When India was struggling for its independence under the leadership of Mahatma Gandhi, Shaheed Bhagat Singh, Chandrashekhar Azad and many more, a girl was born in Matualalaya of Dhaka in Bengal Presidency of British India in a literary family of Ghataks. Manish Ghatak, well-known poet and novelist of the Kallol movement and Dharitri Devi, Writer and Social worker was blessed with a baby girl on 14th January 1926. With a strong alma matter of Vishwa-Bharati University and Calcutta University and literary culture at her home, Mahasweta Devi has written over 100 novels and over 20 collections of short stories.
The book I am bringing to you is called Bitter Soil. This is the collection of most compelling stories written by Mahasweta Devi which are translated from Bangla by Ipsita Chanda. Three of the stories in this collection were previously translated either by Devi herself or by other authors. The stories included in this collection sheds light on Devi’s political and economic humanism perspectives about human life. Mahasweta Devi has worked in the welfare of tribal communities of West Bengal, Bihar, Madhya Pradesh and Chhattisgarh states of India. This interest in tribal welfare is always reflected in her stories. This collection not an exception to that either. Though the book is translated from Bengali, I have read it still carries the same excellence and mastery of storytelling. Thanks to Ipsita Chanda for giving access to these amazing stories told by one of India’s finest storytellers.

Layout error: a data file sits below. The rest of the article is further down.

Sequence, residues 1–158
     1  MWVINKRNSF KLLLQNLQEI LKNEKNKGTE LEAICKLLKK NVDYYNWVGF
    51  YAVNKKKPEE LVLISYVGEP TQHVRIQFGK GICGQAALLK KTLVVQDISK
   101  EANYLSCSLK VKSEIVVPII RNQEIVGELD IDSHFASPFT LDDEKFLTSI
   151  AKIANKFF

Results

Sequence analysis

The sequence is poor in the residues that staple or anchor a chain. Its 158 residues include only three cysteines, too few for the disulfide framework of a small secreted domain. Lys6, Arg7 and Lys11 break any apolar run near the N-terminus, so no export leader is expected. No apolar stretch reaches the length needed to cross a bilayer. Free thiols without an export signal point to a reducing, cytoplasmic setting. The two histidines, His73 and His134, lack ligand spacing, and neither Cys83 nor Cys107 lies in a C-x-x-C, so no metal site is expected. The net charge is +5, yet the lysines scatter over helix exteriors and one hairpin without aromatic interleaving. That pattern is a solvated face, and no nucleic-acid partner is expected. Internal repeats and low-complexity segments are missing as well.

Mahasweta Devi has been a fiery storyteller which has done amazing work of waking and shaking up of Bengali people from slumber and become active to fight against injustice. She was awarded Padma Shri and Padma Bhushan for her social work and Sahitya Akademy Award for her novel Aranyer Adhikar. In 1996, she was awarded Dnyanapeeth Award which is the highest literary award in India. For her “compassionate crusade through art and activism to claim for tribal peoples a just and honorable place in India’s national life.” Raman Magsaysay Award was conferred upon her in 1997. On her 92nd birth anniversary, Google celebrated her work by creating amazing doodle in her honor. As a reader, only tribute we can offer to this fiery Dnyanapeeth of India is enjoy her fantastic stories and I am starting with Bitter Soil.
Adding this to the amazing bucket of blogs at #BlogchatterA2Z.